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New Orleans Saints: Wonderlic Scores Provide More Confusion Than Clarity

deanmullen
HOUSTON, TX - FEBRUARY 02: New Orleans Saints quarterback Drew Brees, right, visits the SiriusXM set at Super Bowl 51 Radio Row at the George R. Brown Convention Center on February 2, 2017 in Houston, Texas. (Photo by Cindy Ord/Getty Images for SiriusXM)
HOUSTON, TX - FEBRUARY 02: New Orleans Saints quarterback Drew Brees, right, visits the SiriusXM set at Super Bowl 51 Radio Row at the George R. Brown Convention Center on February 2, 2017 in Houston, Texas. (Photo by Cindy Ord/Getty Images for SiriusXM) /
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The NFL Combine is coming up soon. That lovely word that fans will start hearing is ‘The Wonderlic.’ What a name for a test that is supposed to measure intelligence.

Regardless, players attending the NFL Combine in a couple of weeks will be asked to take this test. The Wonderlic Test is designed to measure a player’s intelligence. While there is some validity to the results, there are more questions than answers.

The test is 50 questions with a 12 minute time limit. The score is simply the number of questions that are answered correctly. These scores are to be part of the process to find out if a player can fit in your system. However, the evidence of reliability is far from perfect. Here’s an example.

This is a humongous list of NFL players and scores from the test. In this list, there are everything from Hall of Famers to players that have not fared well at all in the NFL. In case Jeopardy calls, the only person that’s known to ace it, is punter Pat McInally. Former tight end from the New Orleans Saints Ben Watson also fared well with a 48. Ryan Fitzpatrick is another player that scored a 48. Yeah, he went to Harvard. So perhaps there’s some validity to the intelligence thing right?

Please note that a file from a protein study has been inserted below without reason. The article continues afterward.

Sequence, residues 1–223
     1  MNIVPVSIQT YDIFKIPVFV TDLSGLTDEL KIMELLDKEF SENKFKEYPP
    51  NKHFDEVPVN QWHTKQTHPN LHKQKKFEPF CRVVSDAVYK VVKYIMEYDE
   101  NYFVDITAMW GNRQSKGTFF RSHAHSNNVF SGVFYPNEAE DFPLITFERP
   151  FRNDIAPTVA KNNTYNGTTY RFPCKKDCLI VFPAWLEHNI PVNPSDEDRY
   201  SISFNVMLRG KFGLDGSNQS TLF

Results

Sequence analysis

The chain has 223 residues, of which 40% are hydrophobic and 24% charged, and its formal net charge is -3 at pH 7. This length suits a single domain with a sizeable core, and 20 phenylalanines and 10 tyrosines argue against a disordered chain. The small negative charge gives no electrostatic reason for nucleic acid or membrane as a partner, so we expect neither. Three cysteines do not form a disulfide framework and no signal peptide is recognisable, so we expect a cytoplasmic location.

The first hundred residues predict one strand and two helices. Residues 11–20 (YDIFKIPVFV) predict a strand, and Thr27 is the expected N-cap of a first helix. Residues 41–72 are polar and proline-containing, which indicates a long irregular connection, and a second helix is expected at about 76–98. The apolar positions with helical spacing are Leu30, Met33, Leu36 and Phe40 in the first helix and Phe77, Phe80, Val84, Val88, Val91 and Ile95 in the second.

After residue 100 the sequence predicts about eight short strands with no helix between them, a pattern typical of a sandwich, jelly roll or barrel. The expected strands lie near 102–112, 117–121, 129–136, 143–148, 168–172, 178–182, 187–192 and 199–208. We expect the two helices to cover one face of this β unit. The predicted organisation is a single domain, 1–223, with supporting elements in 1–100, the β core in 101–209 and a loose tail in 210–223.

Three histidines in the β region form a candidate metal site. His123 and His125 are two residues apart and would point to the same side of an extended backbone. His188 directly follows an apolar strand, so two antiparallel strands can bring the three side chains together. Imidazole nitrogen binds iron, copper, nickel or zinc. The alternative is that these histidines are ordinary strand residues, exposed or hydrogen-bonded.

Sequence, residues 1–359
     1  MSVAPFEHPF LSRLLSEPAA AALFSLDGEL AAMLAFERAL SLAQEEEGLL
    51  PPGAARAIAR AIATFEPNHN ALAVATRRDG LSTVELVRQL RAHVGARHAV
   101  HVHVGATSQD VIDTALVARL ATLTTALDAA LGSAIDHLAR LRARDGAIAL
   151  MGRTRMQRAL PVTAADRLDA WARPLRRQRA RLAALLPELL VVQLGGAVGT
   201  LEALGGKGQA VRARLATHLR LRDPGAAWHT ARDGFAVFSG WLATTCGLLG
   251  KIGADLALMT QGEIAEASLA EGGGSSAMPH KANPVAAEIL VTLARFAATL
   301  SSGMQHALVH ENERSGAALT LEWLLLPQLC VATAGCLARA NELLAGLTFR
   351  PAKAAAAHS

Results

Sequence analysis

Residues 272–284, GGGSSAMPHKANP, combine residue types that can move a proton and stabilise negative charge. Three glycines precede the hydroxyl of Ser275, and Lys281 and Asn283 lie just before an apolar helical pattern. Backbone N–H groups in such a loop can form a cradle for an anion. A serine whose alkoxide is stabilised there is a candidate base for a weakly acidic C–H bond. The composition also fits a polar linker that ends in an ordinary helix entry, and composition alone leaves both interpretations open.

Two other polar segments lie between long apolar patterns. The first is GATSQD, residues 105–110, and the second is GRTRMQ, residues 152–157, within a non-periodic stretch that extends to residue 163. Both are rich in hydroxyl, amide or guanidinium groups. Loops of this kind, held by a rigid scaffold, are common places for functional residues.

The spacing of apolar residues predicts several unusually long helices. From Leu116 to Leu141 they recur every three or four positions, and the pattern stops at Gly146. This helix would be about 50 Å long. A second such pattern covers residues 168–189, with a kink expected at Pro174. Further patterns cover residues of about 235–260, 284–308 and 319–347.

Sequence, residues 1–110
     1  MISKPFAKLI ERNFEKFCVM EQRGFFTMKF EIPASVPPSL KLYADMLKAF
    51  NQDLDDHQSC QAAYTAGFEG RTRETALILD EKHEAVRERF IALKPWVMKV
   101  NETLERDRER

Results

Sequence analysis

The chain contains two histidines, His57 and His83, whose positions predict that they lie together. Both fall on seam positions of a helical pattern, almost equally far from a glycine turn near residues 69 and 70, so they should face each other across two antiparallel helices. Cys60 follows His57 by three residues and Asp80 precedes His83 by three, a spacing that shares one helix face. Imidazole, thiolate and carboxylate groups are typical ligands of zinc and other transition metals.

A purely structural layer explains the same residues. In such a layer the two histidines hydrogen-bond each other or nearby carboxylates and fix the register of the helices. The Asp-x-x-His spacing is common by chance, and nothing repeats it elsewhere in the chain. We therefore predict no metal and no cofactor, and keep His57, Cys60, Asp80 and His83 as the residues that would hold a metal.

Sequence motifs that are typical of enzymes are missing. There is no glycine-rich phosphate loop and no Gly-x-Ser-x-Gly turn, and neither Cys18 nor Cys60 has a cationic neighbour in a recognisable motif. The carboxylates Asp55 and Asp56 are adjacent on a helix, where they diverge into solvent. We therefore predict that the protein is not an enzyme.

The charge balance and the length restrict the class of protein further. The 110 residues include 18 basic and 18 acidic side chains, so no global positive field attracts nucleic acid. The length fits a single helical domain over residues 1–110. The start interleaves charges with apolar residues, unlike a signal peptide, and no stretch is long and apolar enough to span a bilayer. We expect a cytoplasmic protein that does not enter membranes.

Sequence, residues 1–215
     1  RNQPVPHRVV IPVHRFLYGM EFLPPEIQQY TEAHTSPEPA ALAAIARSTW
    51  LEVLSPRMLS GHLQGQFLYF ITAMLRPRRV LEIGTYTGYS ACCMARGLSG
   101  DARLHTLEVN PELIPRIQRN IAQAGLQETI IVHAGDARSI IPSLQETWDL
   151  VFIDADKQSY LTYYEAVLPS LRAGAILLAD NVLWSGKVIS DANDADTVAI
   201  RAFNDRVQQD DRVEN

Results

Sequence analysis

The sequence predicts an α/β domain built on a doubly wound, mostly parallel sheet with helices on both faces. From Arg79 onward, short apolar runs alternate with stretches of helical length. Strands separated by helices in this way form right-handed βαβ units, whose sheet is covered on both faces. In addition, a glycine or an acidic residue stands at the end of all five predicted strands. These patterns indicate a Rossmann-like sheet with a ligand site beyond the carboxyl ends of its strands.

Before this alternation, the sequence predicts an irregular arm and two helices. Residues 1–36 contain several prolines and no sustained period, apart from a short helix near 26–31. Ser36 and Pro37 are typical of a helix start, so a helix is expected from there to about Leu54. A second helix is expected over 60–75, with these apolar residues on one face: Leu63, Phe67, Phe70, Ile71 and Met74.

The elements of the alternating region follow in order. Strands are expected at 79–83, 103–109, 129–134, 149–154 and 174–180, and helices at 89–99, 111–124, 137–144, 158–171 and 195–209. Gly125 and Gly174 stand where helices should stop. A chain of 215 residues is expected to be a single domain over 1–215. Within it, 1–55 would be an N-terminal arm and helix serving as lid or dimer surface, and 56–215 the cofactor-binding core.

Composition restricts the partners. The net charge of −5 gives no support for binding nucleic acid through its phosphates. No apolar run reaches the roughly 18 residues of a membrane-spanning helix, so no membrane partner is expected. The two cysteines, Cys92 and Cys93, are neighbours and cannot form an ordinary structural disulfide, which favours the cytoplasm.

Additionally, Drew Brees scored a 28 on that same test. Does that mean that his tight end is twice a smart? Surely, Ben Watson would even disagree with that notion. What’s interesting is that the numbers are skewed as far as NFL success. Most people would agree that Drew Brees had a better career than Akili Smith who scored a 37 on the test.

Sebastian Janokowski scored a 9 on the test. Seems like Sebastian can figure out how to kick a ball fairly straight through a goalpost. Donovan Mcnabb had a great career in the NFL and went to Syracuse. Yet he only was able to post a 14 on the exam.

This is yet another interesting article. The story breaks down the average score for each position. Offensive lineman rate the highest and running backs have the lowest on average. There’s enough statistics to make anyone’s head spin.

So does any of this matter? Of all the numbers, skill tests, statistics, and traits, the Wonderlic would seem low on the pecking order for scouts. The only real confusing dichotomy that remains is why. What’s the point of the test if the results are not an accurate reflection of future success? Society loves to be able to have some way of measuring ability. Unfortunately, a low or high score can be something that is attached to that player’s profile.

Standardized tests are given in almost every field of work nowadays. The NFL is not exempt. As a consequence, players will simply have to deal with it, like it or not. The fact of the matter is though that the Wonderlic is not very wonderful.

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